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Falwell on 'Thugs' and Taxes

By Brian Faler
Friday, August 6, 2004; Page A06

Jerry Falwell says he has had it with "left-wing thugs."

The Christian right leader said he is tired of being accused by civil liberties groups of abusing his ministry's tax-exempt status just because he has a few things to say about the direction of the country.

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So this year, he's fighting back. Falwell told the Associated Press he intends to organize a conference in September to explain to conservative preachers what they can and cannot say about the nation's politics, without threatening their tax-exempt status. Churches that enjoy such tax breaks must abide by certain restrictions on their political activities and advocacy.

"Because this is an election year and because of the controversy over the right of churches to be involved in moral and social issues, we will have constitutional attorneys there to explain to pastors what they may and may not do," Falwell told the AP. "We're going to be careful not to break the law, but we are also going to be careful not to be intimidated by left-wing thugs, not to let them intimidate evangelical pastors into silence."

Don't expect Barry Lynn to attend. The executive director of Americans United for Separation of Church and State -- a group that complained last month that Falwell was promoting President Bush's candidacy -- issued a statement mocking the proposed conference. Noting that Falwell's "Old Time Gospel Hour" was fined in the 1980s for its political activities, Lynn said: "The scriptures say, if the blind lead the blind, they both will fall into the ditch. Or in this case, into the hands of the IRS."

GOP Bloggers, Invitation Only

The Republican Party is offering a small group of bloggers credentials to cover its convention in New York later this month. But don't bother applying for them: It's by invitation only.

Leonardo Alcivar, a spokesman for the convention, said the party is forgoing any sort of application process and, instead, inviting 10 to 20 bloggers it believes would do a good job covering the four-day event. The Democrats permitted bloggers -- amateur pundits writing for their personal Web sites -- to cover its convention in Boston. The party collected around 200 applications before giving the nod to about three dozen, mostly liberal, bloggers.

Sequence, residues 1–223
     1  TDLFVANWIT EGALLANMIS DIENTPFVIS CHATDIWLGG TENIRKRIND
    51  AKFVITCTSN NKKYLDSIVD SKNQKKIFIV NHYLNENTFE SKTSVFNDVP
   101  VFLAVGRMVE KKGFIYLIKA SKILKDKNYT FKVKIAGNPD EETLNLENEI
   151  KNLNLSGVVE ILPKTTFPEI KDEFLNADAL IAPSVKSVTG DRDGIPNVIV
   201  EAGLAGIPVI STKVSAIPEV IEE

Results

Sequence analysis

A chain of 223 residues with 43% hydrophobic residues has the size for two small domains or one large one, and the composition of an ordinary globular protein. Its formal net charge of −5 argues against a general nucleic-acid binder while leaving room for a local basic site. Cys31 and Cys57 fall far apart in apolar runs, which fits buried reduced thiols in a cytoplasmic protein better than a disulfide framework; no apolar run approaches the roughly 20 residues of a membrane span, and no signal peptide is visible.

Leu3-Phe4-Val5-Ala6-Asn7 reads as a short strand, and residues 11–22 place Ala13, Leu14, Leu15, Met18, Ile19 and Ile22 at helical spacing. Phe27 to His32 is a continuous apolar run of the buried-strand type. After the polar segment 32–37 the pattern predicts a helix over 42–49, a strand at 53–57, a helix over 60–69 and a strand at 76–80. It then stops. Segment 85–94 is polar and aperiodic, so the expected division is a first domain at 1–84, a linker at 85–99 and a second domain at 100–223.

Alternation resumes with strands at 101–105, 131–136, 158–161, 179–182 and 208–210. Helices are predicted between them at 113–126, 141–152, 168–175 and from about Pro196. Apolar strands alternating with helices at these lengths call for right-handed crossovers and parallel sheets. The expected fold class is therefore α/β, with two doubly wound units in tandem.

Cop Protests a Conventional Item

Looks like deja vu all over again.

With little more than three weeks until the GOP convention, off-duty New York police officers and firefighters are demanding a new labor contract. During a recent demonstration by off-duty officers outside Madison Square Garden, one protester held a sign that read: "Low pay + fewer cops + terrorism = formula for disaster."

Delegates will arrive amid new warnings that terrorists have plotted to strike sites in Manhattan. But union officials said that the heightened alert has not discouraged plans for off-duty protests.

Last-minute contract settlements in Boston averted protests by police and firefighter unions at the Democratic National Convention.

No Takers for Other Kerry Edwards

Kerry Edwards is an Indianapolis bail bondsman, and for years he has owned a Web site in his name. So when Democratic presidential nominee John F. Kerry picked John Edwards as his running mate -- forging the Kerry-Edwards ticket -- Kerry Edwards thought he might be sitting on a gold mine.

The Kerry campaign approached him about acquiring the Web site, but when they couldn't reach a monetary agreement, Kerry Edwards put the site on the block. His optimistic online auctioneer told washingtonpost.com that he wouldn't be surprised if the address drew a "mid-six-figure" offer.

But after nearly two weeks, there have been no takers. Matthew Bentley, whose company handled the auction, said no one offered the minimum $150,000. "We're quite optimistic that we'll be able to have something over the next few days," Bentley said.

© 2004 The Washington Post Company